It was a perfect ending to our wonderful Gujarat trip. Such tremendous grace! That day was Guruvayoor ekadasi day and Bhagavat Gita Jayanti. We were on a fruit fast so I felt all our perceptions were sharpened and it was as if we could really feel her sweetness and love in the flowing river, in the soft breeze, in the stars and the moon which floated serenely in the night sky as we drove to Abu Road.

Jai Mataji! Jai Ma Amba


We stayed a few days in Bhavanagar in order to go to Palitana and one of the temples we visited which I can only describe as unique was the Nishkalang Mahadeva temple. It is in a small village called Koliyak on the Arabian sea. In fact the temple is inside the sea and is  accessible only during low tide. On the day we went we were told that low tide was at 9.30 am so we went a bit early at 8.30 am but unfortunately the tide had already come in and all that we could see was the temple top and the flag fluttering merrily in the breeze. It was quite a sight and I took a few photos despite the fierce sun shining right into my eyes and despaired of getting anything visible. But I was delighted to see that when the photo was enlarged both the temple top and flag could be seen.

It was only later that I found out the story connected with this amazing temple. As is common with so many temples in India this also has a story associated with the Pandavas and Lord Krishna. The five Pandavas were grief stricken at having killed their cousins. In order to assuage their grief they approached their friend and God, Lord Krishna and begged him to do something for them. Krishna gave them a black flag and a black cow and asked them to hold the flag and follow the cow. When both the flag and the cow turned white it was to be taken as a sign that their sins had been pardoned and they were supposed to meditate on Lord Shiva at spot. The Pandavas wandered all over the country and when they reached Koliyak beach both the flag and the cow became white. The brothers were delighted and sat down to meditate on their tutelary deity- Shiva. Lord Shiva appeared to each of them in the form of a lingam and each of them worshipped the lingam which had appeared before him. The idol of a Nandi (Lord Shiva’s bull) also appeared before each lingam. This is the temple known as Nishkalanga Mahadeva. Nishkalang means pure and guiltless. The Pandavas were totally cleansed and became guiltless after worshipping Shiva in this fashion. Of course this happened over five thousand years ago and the sea slowly encroached and covered the temple. Today it can only be seen during low tide. Shiva is supposed to have manifested himself to the Pandavas on the new moon (amavasya) day in the month of Shravana (August/September). A fair is normally held here on the amavasya day of that month and crowds come on that day. There is a pond called the Pandavas pond and people have to wash their hands and feet in this before going to the five lingams which are of different sizes and spread across a square platform. The flag is hoisted at the start of the festival by the Raja of Bhavanagar and is changed only the next year. Apparently this flag never gets washed away by the tide nor is it ever totally submerged during high tide. It was never shaken even during the great earthquake of 2001. I was truly happy that we were given a glimpse of this flag at least.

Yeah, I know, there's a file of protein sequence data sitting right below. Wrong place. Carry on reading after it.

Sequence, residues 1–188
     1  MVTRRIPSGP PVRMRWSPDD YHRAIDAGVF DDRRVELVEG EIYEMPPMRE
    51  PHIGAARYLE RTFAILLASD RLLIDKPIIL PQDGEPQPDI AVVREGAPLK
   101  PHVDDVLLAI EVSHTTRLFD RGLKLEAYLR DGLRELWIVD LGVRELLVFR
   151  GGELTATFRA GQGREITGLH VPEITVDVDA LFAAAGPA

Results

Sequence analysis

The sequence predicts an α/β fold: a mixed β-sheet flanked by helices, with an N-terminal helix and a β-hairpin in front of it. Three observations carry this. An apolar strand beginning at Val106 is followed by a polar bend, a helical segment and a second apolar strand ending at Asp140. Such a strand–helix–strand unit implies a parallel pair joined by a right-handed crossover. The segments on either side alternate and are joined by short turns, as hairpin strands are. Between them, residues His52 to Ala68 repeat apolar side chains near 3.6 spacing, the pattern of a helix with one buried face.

Aum Namashivaaya



Step wells or stepped ponds are a common feature in many cities of western India especially in Gujarat. They were used to collect water during the monsoons. In ancient times, the villagers used to come to take water daily and of course during periods of drought and even caravans going from place to place used to stop and replenish their water. They were made of different types of materials like mortar, stucco, rubble and granite stones. The cylindrical shape was the basic form used to deepen the wells. While the Brahmins were the architects, the builders were artisans of Sompara sect of low–caste Hindus. A wide gulf of religious distinction existed between the two groups, with the former getting all the credit. However today we can infer that these step wells have survived for such a long time due to the builders’ knowledge of the soil conditions as well as their ability to take into consideration the earthquake proneness of the region. Some type of step well was discovered in the Mohanjadaro sites also showing how the Hindu tradition has been passed on and kept alive over the centuries.